By Ryne Landers

A series of new reports released by TalentClick, a Vancouver, British Columbia, employee assessment and safety management training company, and prepared by the late Dr. Rick Iverson and Rand Gottschalk, MA, Industrial Psychology, explore the relationship between common employee personality types and risk of incidents in industrial work environments. The reports’ findings distinguish between individual and crew incidents and provide a reliable figure for the average number of incidents and cost to companies that could be reduced through more careful screening of employee selections during hiring and through the use of coaching to improve on-the-job safety records.

What’s The Data Based On?

The study is primarily comprised of two sets of data. One is comprised of employee personality assessment results, called the Safety Quotient™ employee assessment, which was performed on over 645 company employees. The other data set used in the research were existing safety incident reports provided by the industrial mining company in the study. A link to the report, with full definitions, takeaways, and notes about the collection of the data, can be found at the TalentClick website. The study was based upon personality risk assessments, which measure 5 personality traits, collected on 645 employees; 71 personal incident reports; and 197 crew incident reports.

Findings of the Research

The results of the study provide information that can be acted upon by nearly any company in industrial fields, showing statistically significant correlations between several common personality traits that many of us can identify with in our work life, from one time or another. Using the standard Safety Quotient™ employee assessment, Dr. Iverson and Mr. Gottschalk found that personality traits play a large role in on-the-job safety. Among front-line industrial workers who are employed in the field (those whose day-to-day job involves the actual building, engineering, and working on industrial projects) four personality types were shown to be more likely to have accidents on the job, causing injury to themselves or others, as well as causing property damage to equipment or premises. Those personality types are thrill seeker, impulsive, reactive and resistant. Here are some highlights: Key Takeaways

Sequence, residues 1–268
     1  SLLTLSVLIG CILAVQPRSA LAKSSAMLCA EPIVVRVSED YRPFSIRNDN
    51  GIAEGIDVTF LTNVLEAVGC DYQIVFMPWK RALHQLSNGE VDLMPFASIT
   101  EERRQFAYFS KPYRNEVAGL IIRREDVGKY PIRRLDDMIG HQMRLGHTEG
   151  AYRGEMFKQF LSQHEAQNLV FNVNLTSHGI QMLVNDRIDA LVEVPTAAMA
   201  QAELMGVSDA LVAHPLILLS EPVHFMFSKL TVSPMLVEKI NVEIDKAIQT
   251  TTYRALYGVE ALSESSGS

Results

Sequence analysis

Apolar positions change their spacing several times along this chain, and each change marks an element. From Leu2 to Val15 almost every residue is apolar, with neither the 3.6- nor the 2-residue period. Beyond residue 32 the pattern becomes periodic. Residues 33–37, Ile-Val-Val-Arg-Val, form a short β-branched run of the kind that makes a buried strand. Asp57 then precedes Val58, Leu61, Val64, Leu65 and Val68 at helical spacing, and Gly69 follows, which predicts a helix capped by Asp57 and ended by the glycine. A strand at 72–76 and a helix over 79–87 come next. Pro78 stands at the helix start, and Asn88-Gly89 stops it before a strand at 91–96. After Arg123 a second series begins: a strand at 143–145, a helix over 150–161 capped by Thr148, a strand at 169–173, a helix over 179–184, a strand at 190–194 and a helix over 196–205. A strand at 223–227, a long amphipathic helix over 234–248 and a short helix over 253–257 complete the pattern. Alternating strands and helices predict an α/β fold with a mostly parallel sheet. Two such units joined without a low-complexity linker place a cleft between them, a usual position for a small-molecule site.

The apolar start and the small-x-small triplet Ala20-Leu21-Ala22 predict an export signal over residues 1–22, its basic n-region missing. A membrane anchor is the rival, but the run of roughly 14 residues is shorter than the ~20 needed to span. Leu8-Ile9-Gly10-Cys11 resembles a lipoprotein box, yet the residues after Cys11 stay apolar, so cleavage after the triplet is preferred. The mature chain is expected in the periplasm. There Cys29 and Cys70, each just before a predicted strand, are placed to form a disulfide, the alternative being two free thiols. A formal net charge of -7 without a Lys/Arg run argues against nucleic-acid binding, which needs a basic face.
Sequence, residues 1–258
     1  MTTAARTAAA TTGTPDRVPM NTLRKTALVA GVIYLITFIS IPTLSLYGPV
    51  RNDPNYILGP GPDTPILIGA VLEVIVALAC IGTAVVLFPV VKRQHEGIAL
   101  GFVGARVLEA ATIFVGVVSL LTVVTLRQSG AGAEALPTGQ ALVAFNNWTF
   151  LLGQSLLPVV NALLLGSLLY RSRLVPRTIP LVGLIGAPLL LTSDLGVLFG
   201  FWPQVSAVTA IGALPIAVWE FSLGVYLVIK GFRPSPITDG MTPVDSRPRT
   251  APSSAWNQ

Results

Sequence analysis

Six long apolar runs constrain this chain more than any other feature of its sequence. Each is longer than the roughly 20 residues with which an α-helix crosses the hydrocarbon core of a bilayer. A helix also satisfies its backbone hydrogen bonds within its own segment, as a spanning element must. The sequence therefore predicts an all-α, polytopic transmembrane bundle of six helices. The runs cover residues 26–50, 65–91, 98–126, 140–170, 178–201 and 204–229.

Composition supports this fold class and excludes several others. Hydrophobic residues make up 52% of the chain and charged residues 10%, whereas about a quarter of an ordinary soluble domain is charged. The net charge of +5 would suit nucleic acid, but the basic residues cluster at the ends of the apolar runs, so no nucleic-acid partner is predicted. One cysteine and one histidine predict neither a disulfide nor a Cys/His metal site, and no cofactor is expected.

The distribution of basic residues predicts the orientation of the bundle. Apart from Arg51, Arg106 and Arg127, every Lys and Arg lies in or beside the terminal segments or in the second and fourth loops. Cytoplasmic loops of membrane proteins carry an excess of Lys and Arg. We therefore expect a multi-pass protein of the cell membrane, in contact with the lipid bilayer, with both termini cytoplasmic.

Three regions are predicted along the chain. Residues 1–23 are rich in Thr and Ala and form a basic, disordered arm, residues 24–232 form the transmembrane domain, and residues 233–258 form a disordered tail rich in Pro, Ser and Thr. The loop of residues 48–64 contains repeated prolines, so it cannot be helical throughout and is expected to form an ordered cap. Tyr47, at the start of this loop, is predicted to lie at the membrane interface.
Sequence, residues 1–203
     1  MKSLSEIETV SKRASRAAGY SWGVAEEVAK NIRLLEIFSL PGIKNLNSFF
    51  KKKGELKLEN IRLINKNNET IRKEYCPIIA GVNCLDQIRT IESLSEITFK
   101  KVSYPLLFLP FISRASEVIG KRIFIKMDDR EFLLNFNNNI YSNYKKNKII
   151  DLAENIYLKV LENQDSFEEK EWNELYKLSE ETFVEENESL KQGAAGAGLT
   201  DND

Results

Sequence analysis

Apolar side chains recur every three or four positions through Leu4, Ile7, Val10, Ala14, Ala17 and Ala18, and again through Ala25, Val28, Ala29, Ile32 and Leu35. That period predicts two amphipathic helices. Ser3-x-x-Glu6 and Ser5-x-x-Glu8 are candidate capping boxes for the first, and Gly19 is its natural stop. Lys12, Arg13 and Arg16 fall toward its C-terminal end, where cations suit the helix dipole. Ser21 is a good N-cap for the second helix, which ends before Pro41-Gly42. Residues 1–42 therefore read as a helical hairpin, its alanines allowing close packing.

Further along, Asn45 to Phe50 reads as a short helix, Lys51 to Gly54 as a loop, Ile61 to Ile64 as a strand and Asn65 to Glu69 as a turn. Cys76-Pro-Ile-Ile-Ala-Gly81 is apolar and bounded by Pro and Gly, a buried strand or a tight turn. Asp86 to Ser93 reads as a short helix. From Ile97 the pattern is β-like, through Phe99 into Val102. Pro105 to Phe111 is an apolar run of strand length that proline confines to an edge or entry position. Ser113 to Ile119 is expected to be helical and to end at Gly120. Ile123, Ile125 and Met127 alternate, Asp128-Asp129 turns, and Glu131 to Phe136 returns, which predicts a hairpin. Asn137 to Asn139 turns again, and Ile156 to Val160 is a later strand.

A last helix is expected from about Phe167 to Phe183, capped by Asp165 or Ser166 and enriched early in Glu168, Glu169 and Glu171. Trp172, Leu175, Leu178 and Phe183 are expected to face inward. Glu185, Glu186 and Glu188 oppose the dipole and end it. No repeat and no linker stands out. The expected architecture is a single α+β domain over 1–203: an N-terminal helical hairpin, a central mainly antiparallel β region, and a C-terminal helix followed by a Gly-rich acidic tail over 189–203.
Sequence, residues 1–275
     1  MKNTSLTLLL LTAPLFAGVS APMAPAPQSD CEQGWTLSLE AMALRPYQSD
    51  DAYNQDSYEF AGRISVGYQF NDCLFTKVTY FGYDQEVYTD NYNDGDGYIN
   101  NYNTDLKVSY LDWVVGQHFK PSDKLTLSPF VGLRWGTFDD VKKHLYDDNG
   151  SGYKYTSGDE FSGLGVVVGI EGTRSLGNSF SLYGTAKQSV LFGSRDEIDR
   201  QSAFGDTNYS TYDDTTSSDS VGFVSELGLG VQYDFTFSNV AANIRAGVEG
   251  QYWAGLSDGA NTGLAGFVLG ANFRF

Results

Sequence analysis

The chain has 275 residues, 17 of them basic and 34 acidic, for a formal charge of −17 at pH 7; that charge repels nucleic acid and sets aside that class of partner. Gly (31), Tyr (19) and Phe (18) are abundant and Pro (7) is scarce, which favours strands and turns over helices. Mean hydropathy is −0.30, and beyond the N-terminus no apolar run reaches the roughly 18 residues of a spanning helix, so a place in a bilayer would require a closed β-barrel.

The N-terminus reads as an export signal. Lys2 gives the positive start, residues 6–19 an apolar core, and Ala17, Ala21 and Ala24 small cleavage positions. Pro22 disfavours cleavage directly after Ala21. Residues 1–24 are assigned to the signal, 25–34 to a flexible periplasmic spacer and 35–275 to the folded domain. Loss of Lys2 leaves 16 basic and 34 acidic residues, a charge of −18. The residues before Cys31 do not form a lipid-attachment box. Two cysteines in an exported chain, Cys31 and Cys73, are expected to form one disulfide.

Based on the research, the following takeaways could be applied at the studied mining company:

  • Screening employee hires for “impulsive” personalities could result in 10 fewer personal injuries.
  • Screening foremen and supervisors for “resistant” traits could result in 19 fewer crew injuries.
  • A 25 to 50 percent reduction in annual personal injury rate.
  • A $76,000 average savings for 100 hires.

Screening out risky employees and screening in safe ones provides a safer workplace for everyone and provides measurable cost savings. Proper safety training of current employees can help reduce risks and their associated costs by as much as 25 to 50 percent Isn’t it time we took safety seriously?

Ryne Landers ( works with clients across a variety of industries. He lives near Dallas,  writes for eBay, and would eat Torchy’s Tacos every day if he could.  In his spare time, he’s a technology enthusiast, idealist, and sometimes traveler. Find him on LinkedIn or email him.

Have an idea for a guest blog for Construction Today? Contact [email protected] or [email protected].



By Kent Goetjen and Mike Sobolewski

A significant increase in required disclosures is among the key changes resulting from the long-anticipated new converged standard on revenue recognition released earlier this year by the Financial Accounting Standards Board (FASB) and International Accounting Standards Board (IASB). Engineering and construction (E&C) firms subject to US GAAP or IFRS financial accounting standards have long followed industry guidance for construction contracts to account for revenue.

The new standard is principles based — a big shift from today’s industry-specific guidance. Changes resulting from the new standard will vary by industry and certain areas will likely create significant challenges for E&C companies. The new standard will require a five-step approach: